I’m currently watching every movie ever featured in Disney’s Great Movie Ride, and I have to say, before I started this project, I would have never known that the oldest film in the attraction dates back to 1896!
I’m not sure it’s even possible to review this film, but where I’m trying to write a review for every movie on the ride, I guess I’ll have to try. If you are unfamiliar with The Kiss (1896), the clip shown in the montage of The Great Movie Ride would barely give you a clue at all to what the film was. I recognized the clip shown on the ride easily as soon as I watched this film, but in the quick context of the ride’s finale montage, I would have thought it was a much longer silent romance story.
Instead, The Kiss is really just an 18-second clip of two people not even kissing, really they are just whispering very closely. It stars two vaudeville performers, May Irwin as Widow Jones and John Rice as Billie Bakes. (The actors’ names are why you may actually know this film titled as The May Irwin Kiss, The Rice-Irwin Kiss, or The Widow Jones.)
The film is a very short reenactment of the kiss between the two from The Widow Jones stage show, filmed at the first film studio in the country, Edison Studios. (Yes, that Edison.) It was one of the first ever films to be shown to much of the general public, and for that reason along with its age and significance with the tie to Edison Studios, it was selected to join the National Film Registry in 1999.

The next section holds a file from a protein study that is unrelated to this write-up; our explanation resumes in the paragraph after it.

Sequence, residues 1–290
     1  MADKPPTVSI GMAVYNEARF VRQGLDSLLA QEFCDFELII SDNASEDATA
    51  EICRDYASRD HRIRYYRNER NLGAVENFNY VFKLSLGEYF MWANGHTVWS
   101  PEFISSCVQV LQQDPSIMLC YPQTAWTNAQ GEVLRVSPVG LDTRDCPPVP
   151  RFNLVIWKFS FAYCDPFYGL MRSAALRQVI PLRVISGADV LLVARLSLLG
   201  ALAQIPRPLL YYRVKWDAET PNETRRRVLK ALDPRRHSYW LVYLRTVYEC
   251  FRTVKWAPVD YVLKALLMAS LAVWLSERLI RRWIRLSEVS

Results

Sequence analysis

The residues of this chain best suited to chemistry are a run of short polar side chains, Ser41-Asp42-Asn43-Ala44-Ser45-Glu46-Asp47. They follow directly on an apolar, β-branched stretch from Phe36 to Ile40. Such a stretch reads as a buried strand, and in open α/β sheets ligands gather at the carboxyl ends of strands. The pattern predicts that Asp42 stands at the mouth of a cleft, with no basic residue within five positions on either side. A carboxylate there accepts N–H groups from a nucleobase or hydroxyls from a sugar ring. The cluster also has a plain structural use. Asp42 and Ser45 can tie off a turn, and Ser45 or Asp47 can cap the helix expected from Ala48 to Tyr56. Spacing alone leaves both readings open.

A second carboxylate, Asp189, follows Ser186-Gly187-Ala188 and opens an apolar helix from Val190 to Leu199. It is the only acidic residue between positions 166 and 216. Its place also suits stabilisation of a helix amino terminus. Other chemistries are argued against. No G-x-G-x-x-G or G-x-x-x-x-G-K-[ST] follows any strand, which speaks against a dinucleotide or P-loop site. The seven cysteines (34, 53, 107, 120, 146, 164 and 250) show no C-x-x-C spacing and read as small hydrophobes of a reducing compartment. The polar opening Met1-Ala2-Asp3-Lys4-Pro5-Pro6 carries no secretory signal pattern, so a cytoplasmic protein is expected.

With the film being so short, I’m not sure there is too much to say about it in terms of a real review. I did find it interesting, just in terms of watching a piece of film history I had never seen before. And while it did seem really sily to watch The Kiss when the actors don’t even do what the title suggests, it is just a fun piece of media from another time with a significant history. I enjoyed watching it for what it was, but it’s obviously going to be impossible to compare this with probably all of the other films on the list.